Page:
Occipital Bone

What is the Cerebral Bone

The cerebral is an individual, trapezoidal cranium bone covering the rear of the head. The curved bone resembles a shallow plate. It enables the spinal cord to pass from the brain into the spine.

Where is the Cerebral Bone Situated

It is the most posterior of all the cranium bones, forming the back of the head (occiput).

Cerebral Bone Location

Key Details

Kind Flat bone
How many exist in the human body 1
Links with Total 6 bones: Parietal (paired), temporal (paired), Sphenoid, and atlas (C1)


It safeguards the occipital lobe and cerebellum of the brain, along with the related nerves and blood vessels.

Cerebral Bone Structure

This trapezoidal-shaped bone is externally convex and internally concave. It can be divided into the basilar, two condylar/lateral, and the squamous parts. Each part has two surfaces: upper or external and lower or internal.

Cerebral Bone Structure Labeled

Surfaces and Key Points

Basilar Part

This quadrilateral part of the bone is adjacent to the petrous part of the temporal bone and anterior to the foramen magnum. It has an upper surface and a lower surface.

During adolescence, the upper surface of the basilar part articulates with the sphenoid bone to form the clivus. It has a broad, shallow groove that supports the medulla oblongata. The lower surface features the pharyngeal tubercle, where the superior pharyngeal constrictor muscle and fibrous pharyngeal raphe insert. The other muscles attached to the lower surface are rectus capitis anterior and longus capitis.

Condylar Parts

The condylar parts are commonly known as the lateral parts of the cerebral bone, as they are found lateral to the foramen magnum. Each of the two condylar parts contains an upper and lower surface. It features two kidney-shaped prominences called occipital condyles that form articulation with the first cervical vertebra (C1), thus giving rise to the atlanto-cerebral joint.

The condylar canals are located just behind the condyles, through which the condylar emissary veins pass. The canals also connect the external vertebral venous plexuses with the sigmoid sinuses. The hypoglossal canal lies on the inferior surface of the condylar part through which the hypoglossal nerve leaves the cranium.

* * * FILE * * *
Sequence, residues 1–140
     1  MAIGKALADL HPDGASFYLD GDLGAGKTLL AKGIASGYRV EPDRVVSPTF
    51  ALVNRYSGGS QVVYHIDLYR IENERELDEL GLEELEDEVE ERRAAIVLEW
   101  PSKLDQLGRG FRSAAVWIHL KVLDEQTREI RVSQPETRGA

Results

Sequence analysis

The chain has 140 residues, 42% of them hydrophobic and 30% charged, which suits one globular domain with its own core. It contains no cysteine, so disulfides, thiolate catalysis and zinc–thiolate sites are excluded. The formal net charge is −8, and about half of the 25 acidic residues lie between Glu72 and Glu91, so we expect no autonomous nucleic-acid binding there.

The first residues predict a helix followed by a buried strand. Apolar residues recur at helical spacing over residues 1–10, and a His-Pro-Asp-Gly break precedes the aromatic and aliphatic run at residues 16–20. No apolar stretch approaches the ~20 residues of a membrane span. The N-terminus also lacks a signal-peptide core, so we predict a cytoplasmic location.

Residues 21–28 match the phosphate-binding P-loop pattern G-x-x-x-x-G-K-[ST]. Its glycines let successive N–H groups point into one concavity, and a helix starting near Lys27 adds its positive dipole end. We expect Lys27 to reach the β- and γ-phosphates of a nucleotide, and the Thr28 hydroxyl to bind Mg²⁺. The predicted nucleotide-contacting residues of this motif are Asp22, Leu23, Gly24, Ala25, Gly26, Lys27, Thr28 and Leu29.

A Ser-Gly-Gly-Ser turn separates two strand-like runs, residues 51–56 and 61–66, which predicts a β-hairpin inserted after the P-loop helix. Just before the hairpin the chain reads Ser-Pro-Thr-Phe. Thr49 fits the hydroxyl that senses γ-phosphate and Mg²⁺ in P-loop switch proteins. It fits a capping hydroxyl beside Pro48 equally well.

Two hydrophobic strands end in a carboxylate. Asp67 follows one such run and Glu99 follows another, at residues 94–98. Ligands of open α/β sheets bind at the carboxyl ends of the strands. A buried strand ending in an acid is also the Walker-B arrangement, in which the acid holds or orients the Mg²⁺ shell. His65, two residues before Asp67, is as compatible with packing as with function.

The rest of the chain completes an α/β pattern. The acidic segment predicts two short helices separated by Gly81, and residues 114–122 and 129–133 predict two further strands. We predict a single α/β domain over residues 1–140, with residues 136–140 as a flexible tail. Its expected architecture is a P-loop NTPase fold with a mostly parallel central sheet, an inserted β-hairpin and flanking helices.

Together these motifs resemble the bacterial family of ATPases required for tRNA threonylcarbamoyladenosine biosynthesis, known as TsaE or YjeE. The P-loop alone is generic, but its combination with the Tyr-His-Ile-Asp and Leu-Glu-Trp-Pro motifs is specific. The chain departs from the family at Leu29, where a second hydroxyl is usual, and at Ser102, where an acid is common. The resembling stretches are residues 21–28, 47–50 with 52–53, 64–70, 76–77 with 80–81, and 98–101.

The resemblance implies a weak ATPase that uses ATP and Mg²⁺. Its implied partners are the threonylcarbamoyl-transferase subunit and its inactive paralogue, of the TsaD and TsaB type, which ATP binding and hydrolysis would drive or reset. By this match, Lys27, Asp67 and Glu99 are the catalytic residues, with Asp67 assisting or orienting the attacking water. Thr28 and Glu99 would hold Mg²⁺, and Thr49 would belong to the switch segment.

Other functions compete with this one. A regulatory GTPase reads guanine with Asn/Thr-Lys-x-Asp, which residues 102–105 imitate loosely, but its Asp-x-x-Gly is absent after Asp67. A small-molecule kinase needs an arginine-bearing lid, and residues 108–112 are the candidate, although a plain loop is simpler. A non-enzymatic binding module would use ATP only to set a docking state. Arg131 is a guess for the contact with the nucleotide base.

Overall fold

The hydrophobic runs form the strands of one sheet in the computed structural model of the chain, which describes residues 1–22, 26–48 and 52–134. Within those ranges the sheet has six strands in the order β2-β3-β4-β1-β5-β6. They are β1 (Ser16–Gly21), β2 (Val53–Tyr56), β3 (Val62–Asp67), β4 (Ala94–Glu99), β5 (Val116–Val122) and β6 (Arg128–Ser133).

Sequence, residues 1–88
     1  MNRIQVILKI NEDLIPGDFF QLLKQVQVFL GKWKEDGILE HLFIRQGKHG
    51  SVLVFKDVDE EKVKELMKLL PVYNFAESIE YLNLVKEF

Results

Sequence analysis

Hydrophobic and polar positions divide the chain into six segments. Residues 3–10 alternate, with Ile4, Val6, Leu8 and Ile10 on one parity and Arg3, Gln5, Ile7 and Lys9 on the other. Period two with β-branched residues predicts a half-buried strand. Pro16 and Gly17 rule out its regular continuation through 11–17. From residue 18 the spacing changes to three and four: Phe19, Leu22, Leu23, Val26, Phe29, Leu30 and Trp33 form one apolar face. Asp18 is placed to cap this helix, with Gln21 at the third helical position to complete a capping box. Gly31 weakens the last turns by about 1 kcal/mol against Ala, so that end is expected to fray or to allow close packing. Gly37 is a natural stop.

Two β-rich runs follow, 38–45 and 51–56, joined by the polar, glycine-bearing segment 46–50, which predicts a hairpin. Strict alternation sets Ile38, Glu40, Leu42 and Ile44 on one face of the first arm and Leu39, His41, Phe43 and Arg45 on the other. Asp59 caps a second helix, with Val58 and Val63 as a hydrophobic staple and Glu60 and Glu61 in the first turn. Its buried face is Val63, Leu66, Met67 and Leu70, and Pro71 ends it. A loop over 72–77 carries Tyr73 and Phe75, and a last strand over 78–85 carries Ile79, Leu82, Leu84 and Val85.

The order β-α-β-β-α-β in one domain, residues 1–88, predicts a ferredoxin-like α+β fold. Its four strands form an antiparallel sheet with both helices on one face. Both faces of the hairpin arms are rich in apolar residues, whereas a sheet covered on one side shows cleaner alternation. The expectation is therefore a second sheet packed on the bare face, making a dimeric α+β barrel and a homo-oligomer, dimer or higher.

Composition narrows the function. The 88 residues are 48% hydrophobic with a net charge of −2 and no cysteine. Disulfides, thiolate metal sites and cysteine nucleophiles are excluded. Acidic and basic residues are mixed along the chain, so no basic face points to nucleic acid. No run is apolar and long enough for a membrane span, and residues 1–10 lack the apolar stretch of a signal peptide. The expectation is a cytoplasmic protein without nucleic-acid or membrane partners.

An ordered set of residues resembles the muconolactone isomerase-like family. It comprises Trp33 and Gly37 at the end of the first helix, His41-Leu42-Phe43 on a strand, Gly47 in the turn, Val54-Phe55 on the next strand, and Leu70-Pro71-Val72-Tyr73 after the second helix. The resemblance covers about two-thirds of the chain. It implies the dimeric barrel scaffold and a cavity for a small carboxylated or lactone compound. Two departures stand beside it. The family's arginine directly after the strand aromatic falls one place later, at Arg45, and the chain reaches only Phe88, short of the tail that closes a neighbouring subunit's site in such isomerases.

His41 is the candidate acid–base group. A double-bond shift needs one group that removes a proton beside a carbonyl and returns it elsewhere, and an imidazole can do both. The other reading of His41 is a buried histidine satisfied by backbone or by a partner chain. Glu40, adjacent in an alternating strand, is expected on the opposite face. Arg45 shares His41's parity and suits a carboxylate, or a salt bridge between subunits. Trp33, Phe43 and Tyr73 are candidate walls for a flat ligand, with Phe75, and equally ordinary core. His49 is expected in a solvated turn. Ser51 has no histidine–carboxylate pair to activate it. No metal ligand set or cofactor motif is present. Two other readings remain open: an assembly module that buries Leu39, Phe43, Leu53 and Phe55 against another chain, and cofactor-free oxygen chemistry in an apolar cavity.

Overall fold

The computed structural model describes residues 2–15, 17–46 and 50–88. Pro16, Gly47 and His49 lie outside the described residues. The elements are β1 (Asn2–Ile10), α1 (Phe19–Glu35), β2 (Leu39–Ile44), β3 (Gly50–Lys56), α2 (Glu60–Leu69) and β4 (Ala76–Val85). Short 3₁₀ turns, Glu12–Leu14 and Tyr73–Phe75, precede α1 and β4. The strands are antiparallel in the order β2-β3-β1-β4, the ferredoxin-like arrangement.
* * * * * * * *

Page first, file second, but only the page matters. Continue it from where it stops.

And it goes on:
Squamous Part

It is the largest of all four parts and contains internal and external surfaces. This part features the external cerebral protuberance, a bony prominence in the middle of the outer surface.

The trapezius muscle attaches here. The external surface also has three curved lines, called the nuchal lines. They are:

  1. Supreme nuchal line: Laterally extends from the external cerebral protuberance. The epicranius muscle and epicranial aponeurosis originate from here.
  2. Superior nuchal line: Running inferior to the squamous part, it serves as a site of origin for the trapezius, splenius capitis, and sternocleidomastoid muscles.
  3. Inferior nuchal line: Found further inferior to the superior nuchal line, this is where the semispinalis capitis muscle gets inserted.

Various grooves mark the internal surface of this part by dural venous cranial sinuses, such as the superior sagittal sinus, the transverse sinuses, and the sigmoid sinus. The groove above the transverse sinus houses the occipital lobes and cerebellum of the brain.

Foramen Magnum

All the above four parts are arranged around a large opening at the back of the bone, called the foramen magnum. It allows passage to the spinal cord. Specific structures that pass through the foramen magnum are the brain stem (medulla oblongata), a spinal branch of the accessory nerve, anterior and posterior spinal arteries, the vertebral arteries, the tectorial membrane, and alar ligaments.

Borders and Connections

The bone links with total 6 bones. Among them, 2 are paired (parietal and temporal), while the other 2 are unpaired (sphenoid and C1/first cervical vertebrae). The cerebral is the only cranium bone to form a connection with a spine bone.

  1. Lambdoid Suture: Between the cerebral and parietal bones.
  2. Cerebral-Mastoid Suture: Between the cerebral and the mastoid part of the temporal bone.
  3. Petro-Cerebral Suture: Between the cerebral bone and the petrous part of the temporal bone.
  4. Spheno-Cerebral Suture: Btween the cerebral and sphenoid bones. It gradually disappears as the two bones fuse during adolescence.
  5. Atlanto-Cerebral Joint: Joint formed by the cerebral bone with the first cervical vertebrae (C1). It is the only joint between a cranium bone and a vertebra.

Development and Ossification

The ossification of this bone starts around the 9th week of fetal life. The squamous part of the bone undergoes membranous ossification, whereas its other parts have cartilaginous ossification.

The four parts remain separate at birth but fuse as a child grows up, with the squamous and condylar parts fusing at around 2 years, while the condylar and basilar parts fuse by 6 years.


    1. Cerebral bone — Kenhub.com
    2. Anatomy, Head and Neck, Cerebral Bone, Artery, Vein, and Nerve — Ncbi.nlm.nih.gov
    3. Cerebral bone — Radiopaedia.org
    4.  Cerebral Bone Anatomy — Getbodysmart.com
    5. Cerebral Bone — Sciencedirect.com
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